Engineers Explain 45nm Delays, Errata
January 16, 2008 10:32 AM
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Engineers blame simulation for quad-core "showstopper"
More than a few people noticed Intel's roadmap originally slated 45nm
desktop quad-core processors for January, only to have the company change the hard launch date to a not-so-firm "Q1 2008." So what happened? In a series of interviews, the tale of quad-core
began to unfold.
Processor engineers, speaking on background, detailed the problem. "Intel is very sensitive to mean time to failures. During a simulation, at high clock frequencies, engineers noticed an increase of potential failures after a designated amount of time."
He continues, "This is not acceptable for desktop customers that require longterm stability. It's a showstopper."
Previous reports of errata degrading the L2 and L3 cache performance were described as "false" -- desktop
processors do not even have L3 cache. Microcode and BIOS updates issued by Intel since November do not fix or address the "showstopper" bug affecting the launch of the
quad-core Q9300, Q9450 and Q9550 processors
The condition does not affect Xeon quad-core processors. Xeon uses a different stepping than the quad-core processors, which fixes this simulated condition. The quad-core 45nm Extreme Edition processor
launched in November
is also unaffected.
The company would not detail when the processors, originally scheduled for a January 20 launch but announced at CES last week, will see the light of day. Conservative estimates from ASUS and Gigabyte put the re-launch sometime in February. Intel completely removed its January 20 launch from its December 2007 roadmap and has not issued a new roadmap since.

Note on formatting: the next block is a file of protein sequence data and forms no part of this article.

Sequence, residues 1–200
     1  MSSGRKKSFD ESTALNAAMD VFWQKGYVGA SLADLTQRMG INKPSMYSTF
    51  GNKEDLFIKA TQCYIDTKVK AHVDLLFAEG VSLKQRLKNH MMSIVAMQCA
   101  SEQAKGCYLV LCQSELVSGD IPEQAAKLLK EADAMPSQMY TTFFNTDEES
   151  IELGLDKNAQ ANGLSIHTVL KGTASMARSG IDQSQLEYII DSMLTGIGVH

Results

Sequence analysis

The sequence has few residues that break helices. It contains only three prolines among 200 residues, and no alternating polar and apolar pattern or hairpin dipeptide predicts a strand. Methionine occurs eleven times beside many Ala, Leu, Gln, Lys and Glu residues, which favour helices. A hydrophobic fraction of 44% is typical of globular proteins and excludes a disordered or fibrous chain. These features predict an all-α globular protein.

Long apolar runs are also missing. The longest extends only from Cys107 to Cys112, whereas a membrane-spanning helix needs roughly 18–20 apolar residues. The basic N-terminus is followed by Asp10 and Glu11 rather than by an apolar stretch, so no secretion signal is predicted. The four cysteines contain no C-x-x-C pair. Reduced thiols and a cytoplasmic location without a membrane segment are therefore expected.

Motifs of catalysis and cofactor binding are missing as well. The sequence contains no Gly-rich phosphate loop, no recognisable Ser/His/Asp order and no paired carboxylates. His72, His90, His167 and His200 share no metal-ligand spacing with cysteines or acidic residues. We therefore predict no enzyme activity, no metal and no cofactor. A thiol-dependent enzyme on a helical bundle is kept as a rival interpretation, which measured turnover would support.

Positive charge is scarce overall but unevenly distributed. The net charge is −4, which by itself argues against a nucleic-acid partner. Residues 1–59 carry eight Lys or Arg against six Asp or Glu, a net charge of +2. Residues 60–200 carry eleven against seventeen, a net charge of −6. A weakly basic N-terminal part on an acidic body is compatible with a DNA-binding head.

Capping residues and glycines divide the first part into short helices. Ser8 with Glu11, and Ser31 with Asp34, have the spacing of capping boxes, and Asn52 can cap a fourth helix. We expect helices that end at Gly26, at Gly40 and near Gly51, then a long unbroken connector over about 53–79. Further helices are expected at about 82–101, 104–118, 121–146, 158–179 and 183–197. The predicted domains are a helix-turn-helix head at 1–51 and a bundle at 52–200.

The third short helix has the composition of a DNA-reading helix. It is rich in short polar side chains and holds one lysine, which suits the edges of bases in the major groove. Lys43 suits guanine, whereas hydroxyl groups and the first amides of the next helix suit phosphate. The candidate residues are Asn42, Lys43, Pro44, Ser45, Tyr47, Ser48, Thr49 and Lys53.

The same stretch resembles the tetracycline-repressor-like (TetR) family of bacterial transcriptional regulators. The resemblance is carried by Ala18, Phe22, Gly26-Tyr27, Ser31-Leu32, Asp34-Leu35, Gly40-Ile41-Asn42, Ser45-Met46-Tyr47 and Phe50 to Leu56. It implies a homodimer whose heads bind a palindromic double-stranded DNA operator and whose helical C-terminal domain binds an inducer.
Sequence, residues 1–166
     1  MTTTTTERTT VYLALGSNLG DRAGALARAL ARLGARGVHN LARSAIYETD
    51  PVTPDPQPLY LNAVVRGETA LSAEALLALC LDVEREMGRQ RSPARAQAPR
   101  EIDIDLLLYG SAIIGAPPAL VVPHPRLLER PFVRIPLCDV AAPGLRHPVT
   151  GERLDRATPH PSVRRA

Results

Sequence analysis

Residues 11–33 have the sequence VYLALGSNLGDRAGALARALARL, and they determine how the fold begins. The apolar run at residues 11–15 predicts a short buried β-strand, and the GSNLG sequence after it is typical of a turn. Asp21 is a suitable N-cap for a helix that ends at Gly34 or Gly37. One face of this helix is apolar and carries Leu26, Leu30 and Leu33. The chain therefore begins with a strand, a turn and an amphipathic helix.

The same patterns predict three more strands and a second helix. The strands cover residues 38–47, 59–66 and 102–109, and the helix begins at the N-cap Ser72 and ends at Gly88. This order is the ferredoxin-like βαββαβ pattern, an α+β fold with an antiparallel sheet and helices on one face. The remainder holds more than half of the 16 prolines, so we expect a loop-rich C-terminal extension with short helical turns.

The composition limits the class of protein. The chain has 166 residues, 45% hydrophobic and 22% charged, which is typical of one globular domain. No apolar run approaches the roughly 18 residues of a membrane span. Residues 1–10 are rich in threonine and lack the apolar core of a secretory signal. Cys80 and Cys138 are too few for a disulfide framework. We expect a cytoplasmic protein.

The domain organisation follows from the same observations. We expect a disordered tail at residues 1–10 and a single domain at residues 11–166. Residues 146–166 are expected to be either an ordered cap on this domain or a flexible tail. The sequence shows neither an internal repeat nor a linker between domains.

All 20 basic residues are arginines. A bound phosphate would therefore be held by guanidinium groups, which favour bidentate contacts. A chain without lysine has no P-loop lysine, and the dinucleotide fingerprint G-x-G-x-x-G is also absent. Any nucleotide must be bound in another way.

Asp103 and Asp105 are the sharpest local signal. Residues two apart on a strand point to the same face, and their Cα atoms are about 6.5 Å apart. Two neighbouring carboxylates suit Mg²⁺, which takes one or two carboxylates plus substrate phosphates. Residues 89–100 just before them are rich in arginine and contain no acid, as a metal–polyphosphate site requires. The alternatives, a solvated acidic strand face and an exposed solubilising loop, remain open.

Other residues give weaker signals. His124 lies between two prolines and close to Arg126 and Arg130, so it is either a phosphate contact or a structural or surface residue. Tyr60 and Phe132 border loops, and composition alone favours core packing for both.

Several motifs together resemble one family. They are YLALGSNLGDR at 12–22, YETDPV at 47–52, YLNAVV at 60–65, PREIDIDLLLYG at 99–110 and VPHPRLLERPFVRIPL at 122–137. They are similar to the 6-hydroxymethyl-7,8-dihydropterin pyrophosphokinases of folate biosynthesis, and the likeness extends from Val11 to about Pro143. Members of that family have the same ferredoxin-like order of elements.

Intel spokesman Dan Snyder says more. "We publicly claimed we will launch its 45nm mainstream processors in Q1 2008, and that's exactly what we did." In fact, the company announced 16 new 45nm processors last week; most of which already shipped to manufacturers -- with the exception of the quad-core desktop variants affected by the showstopper simulation bug.
Taiwanese media was
quick to pin the simulated problem on complacency and lack of competition from AMD
. Intel employees quickly denied the allegation, with the additional claim that the report was "humorous."
At CES last week, Snyder elaborates. "The tick-tock model prevents Intel from missing its launch dates. If the 'tock' team misses a target date, it doesn't affect the 'tick' team."
Tick-tock, the strategy of alternating cycles of architecture change and process shrink, became official company policy on January 1, 2006.
As to why the new Macbook Airs still use the 65nm Core 2 Duo processors?
Even after Foxconn alluded the new notebooks would get 45nm treatment
? Another Intel spokesman declined to respond, only stating, "Our partners are free to choose any of Intel's currently supported processors."
Anand Shimpi explores this more
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RE: I call BS
1/16/2008 11:47:12 AM
Right, but as it was explained to me the tolerances aren't as strict for EE processors.
What tolerances do you mean? Do you mean MTTF tolerances? I'm not sure I understand what that would mean in this case. Are you saying that the specified MTTF for an EE is less than for a mainstream processor?
RE: I call BS
1/16/2008 11:56:57 AM
In short, yes.
Personally, I think Intel's strategy here is "it's overclockers who buy the EE, so, if it suddenly fails, they don't know what to blame it on."
Either way, it's fishy.
RE: I call BS
1/16/2008 12:45:43 PM
I have seen a surprising amount of gamers that run those EE's stock from dell boxes, not understanding overlocking at all (its a pity really, they could save hundreds of dollars).
However that does make a little more sense.
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